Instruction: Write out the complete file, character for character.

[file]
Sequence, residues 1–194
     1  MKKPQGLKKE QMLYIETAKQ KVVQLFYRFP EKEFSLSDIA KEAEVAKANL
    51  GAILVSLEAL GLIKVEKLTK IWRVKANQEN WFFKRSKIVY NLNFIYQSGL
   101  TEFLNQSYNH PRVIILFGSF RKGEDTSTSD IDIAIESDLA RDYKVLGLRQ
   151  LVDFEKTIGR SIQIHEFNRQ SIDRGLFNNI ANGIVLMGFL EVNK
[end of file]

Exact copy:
Sequence, residues 1–194
     1  MKKPQGLKKE QMLYIETAKQ KVVQLFYRFP EKEFSLSDIA KEAEVAKANL
    51  GAILVSLEAL GLIKVEKLTK IWRVKANQEN WFFKRSKIVY NLNFIYQSGL
   101  TEFLNQSYNH PRVIILFGSF RKGEDTSTSD IDIAIESDLA RDYKVLGLRQ
   151  LVDFEKTIGR SIQIHEFNRQ SIDRGLFNNI ANGIVLMGFL EVNK